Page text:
“Pain from our past that is unresolved is pain we’re condemned to repeat.” —Terry Kellogg, in “Men’s Secret Wars,” by Patrick A. Means
I cannot count the number of times in my life when someone, including me, repeats this worn out phrase: “He (she) is just like his father (or her mother).”
It’s often true, but it reflects a statement about life that is uncomfortably accurate more often than we like. To agree is like peeling back the layers of skin and exposing our life to people who are watching. It is a painful admission that we are imperfect. We prefer the anonymity of obscurity and the illusion of perfection, rather than a glaring spotlight focused on our faults and foibles.
Recently, Deborah and I were dinner guests of old friends who recently returned to our community. We each began raising children more than three decades ago, each family parting ways as our careers took different paths.
In the ensuing conversation, we rediscovered our familial heritage and recounted forgotten, yet familiar, experiences we had in common. Most stories were encouraging and reflective of our shared heritage, and a few were reflective of a darker, yet remembered past.
Such reflections are beneficial, mostly because they are opportunities to rejoice over how much good comes from these life experiences, whether good was intended, or not.
Patrick Means writes that some experts believe more than 25,000 hours of parental messages are stored in the average adult’s mind. Beginning in our childhood, these messages exert a much greater influence on us than we can imagine.
The way we see ourselves, the marriage partners we pick, our work style, all follow these “lifescripts” we carry into adulthood. Though we may rebel while teenagers, these messages control our thoughts and behavior, having been hard-wired into our subconscious.
We cannot explain why we act, but we eventually are confronted with the reality that unhealthy behaviors and attitudes accumulated during our childhood carry over into our adult lives.
Bible stories in the Old Testament recount how Jacob, aptly named the Deceiver, followed his father and grandfather’s practice of deception and lies. King David, though he repented of his adultery with another man’s wife, could not prevent the outcome of events as his children followed in his footsteps with broken sexual behavior. Even Solomon, reputedly the wisest man to ever have lived, could not escape the tentacles of his lifescript.
In the chapter “Rewriting Your Lifescript,” Means writes in order to change our scripts we must identify unhealthy patterns in our family. It demands our abandonment of the ideal image of our family, our parents and grandparents. It is admitting we and they are imperfect, and this may seem like we are dishonoring them.
However, without recognizing the problem, we will continue in these unhealthy patterns that can completely destroy the family from within, and continue for generations that follow.
Means identifies the three Rs that forms our lifescript.
• Rules. Unhealthy ones are: Don’t talk about anything that upsets the parents or opinions your parents disagree with. Don’t think for yourself or form your own convictions. Don’t feel any “bad” emotions, like anger, sadness or disappointment. Keep them to yourself if you do. Be perfect. Don’t make mistakes. Never embarrass your family. Don’t reveal family secrets. Be loyal to the family system and its rules.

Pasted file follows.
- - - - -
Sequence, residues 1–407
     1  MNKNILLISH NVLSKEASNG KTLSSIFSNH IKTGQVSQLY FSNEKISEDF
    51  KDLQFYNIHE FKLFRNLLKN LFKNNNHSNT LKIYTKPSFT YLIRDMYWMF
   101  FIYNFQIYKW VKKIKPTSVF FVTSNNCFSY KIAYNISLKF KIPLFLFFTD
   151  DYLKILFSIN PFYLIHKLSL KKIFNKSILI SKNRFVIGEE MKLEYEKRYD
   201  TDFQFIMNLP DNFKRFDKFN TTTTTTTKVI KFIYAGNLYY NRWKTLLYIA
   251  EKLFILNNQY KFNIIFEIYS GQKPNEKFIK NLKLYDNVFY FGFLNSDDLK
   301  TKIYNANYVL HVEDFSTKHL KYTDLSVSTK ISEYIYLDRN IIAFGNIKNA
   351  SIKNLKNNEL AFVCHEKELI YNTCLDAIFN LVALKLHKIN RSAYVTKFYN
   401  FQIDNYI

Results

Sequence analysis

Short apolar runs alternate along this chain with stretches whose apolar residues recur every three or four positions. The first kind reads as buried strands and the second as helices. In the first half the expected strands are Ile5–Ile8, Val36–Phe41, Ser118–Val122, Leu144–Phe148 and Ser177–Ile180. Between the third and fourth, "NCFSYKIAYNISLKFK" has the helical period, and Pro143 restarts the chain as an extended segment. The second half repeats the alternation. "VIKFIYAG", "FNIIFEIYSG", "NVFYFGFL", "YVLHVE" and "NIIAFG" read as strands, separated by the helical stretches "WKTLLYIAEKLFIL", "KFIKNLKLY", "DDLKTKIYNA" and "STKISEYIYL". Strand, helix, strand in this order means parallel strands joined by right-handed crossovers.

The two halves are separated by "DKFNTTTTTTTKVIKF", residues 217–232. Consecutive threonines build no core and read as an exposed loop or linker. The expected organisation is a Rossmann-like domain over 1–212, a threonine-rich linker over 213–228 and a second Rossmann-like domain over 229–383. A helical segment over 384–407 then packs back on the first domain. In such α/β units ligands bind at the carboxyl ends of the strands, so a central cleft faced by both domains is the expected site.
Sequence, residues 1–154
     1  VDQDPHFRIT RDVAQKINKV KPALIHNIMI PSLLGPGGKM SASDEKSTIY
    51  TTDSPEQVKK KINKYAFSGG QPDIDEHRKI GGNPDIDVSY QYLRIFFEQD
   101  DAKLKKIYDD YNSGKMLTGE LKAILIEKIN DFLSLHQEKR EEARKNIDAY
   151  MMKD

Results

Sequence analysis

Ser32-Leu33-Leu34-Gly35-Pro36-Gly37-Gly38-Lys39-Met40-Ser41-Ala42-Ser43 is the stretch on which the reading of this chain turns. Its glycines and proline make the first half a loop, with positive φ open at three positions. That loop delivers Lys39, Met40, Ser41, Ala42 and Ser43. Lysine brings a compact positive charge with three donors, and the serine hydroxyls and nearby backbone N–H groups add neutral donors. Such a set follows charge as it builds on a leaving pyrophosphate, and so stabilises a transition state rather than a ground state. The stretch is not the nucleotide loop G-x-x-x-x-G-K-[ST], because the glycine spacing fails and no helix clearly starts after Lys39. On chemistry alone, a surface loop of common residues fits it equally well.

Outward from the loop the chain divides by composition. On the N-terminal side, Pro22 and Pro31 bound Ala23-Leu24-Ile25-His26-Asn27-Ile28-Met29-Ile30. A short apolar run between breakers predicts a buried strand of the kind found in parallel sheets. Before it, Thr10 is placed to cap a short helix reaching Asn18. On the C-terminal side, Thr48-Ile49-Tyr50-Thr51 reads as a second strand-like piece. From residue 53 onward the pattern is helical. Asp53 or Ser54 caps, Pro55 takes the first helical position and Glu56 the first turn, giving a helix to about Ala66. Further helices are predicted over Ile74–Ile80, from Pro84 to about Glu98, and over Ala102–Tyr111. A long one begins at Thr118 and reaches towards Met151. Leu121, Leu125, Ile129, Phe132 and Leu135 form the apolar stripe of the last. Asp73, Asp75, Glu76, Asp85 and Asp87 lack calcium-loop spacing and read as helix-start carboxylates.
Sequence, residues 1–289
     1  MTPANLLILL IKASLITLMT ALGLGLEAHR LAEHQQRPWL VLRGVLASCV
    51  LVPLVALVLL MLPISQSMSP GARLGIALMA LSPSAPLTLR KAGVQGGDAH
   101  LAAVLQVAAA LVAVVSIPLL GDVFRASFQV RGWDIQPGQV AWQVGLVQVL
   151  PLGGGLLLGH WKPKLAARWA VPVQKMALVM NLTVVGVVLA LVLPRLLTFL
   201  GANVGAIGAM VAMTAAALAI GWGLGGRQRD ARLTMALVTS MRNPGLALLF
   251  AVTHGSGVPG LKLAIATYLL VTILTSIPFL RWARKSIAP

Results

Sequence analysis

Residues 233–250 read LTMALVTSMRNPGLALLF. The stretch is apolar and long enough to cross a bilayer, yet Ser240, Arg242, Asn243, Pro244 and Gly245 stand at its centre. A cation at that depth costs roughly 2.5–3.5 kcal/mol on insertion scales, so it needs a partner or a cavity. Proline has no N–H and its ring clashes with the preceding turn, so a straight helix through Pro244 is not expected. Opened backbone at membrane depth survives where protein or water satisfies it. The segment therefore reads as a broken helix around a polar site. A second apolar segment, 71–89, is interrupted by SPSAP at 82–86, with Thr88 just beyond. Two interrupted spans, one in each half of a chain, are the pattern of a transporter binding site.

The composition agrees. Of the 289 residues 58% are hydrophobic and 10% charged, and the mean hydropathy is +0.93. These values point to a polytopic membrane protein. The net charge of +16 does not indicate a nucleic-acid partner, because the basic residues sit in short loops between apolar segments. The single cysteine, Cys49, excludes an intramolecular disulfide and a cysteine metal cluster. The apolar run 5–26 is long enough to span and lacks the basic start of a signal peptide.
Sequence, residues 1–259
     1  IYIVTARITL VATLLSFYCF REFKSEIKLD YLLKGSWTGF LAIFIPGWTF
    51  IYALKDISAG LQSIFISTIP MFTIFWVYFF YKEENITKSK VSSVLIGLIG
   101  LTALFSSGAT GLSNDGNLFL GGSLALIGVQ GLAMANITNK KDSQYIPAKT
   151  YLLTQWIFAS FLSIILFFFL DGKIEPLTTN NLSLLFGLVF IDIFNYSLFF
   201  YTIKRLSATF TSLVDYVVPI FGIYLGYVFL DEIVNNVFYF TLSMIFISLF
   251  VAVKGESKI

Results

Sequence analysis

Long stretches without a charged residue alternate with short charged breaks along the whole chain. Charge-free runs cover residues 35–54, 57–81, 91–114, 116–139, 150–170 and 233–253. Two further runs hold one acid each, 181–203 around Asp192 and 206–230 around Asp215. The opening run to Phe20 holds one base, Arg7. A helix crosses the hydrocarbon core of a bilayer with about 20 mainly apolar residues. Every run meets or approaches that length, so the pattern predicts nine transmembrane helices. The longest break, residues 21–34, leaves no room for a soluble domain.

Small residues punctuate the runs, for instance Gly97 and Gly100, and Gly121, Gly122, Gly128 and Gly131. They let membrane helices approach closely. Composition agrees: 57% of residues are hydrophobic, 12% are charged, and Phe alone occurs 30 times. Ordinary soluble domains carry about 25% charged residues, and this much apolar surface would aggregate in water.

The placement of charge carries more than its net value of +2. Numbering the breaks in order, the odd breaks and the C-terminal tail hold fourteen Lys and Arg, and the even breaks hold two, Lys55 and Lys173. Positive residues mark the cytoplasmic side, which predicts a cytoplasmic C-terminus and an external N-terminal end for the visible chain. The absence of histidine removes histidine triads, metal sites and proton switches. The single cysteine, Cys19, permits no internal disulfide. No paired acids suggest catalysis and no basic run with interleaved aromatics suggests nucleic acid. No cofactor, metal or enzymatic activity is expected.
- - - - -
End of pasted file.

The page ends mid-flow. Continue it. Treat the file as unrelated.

• Roles. Some roles serve to meet the parent’s needs. Others cover family secrets. Common roles are the hero, the rebel, the caretaker, mascot, surrogate spouse, saint, mediator-peacemaker and/or daddy’s buddy.
• Recordings. Shame-based messages repeating within one’s mind: Who do you think you are? You’re good for nothing. You’re so stupid. Why can’t you be more like (your sibling)?
According to Means, these recordings become especially destructive when combined with sexual or physical abuse.
Rewriting lifescripts demands disloyalty to unhealthy family rules, family roles and recordings. Each process requires changing the rules, roles and recordings to ones that are healthy and discarding the old ones.
I remember the day we began this painful, yet absolutely necessary transition. In some ways, it was like taking hold of an ugly wart and ripping it out of the flesh. Painful? Absolutely! But healing and making a change of how we behave requires this intentional act. It is a form of repentance and a declaration that change is on its way, and this destructive behavior ends here, with us.
Rewriting the rules, though difficult in the beginning, forms the basis of appropriate behavior, capitalizing on the positive aspects of familial behavior and discarding the rest.
Rewriting the roles takes time, as there are many to address. Sometimes we identify with more than one role, and it takes time to unravel and recognize the ways we act and how to move away from the negative and destructive ones
Rewriting the recordings, deep-seated within the mind, we struggle with these negative messages, and they are difficult to remove. This requires more intentional action, reprogramming the mind to focus on thoughts that build up, rather than tearing you down. Meditate on Scripture that reflect God’s attitude toward you and how much he values you.
I cannot imagine how life would be without having made the decision to make the change. I choose not to dwell on the negative part. Looking ahead, the future is awash with full potential as future generations are born, grow and take their places in this family. It is empowerment magnified. It is living the life God desires for us.
Paul Penner farms in the Hillsboro area. He has been active statewide and nationally regarding agriculture policy.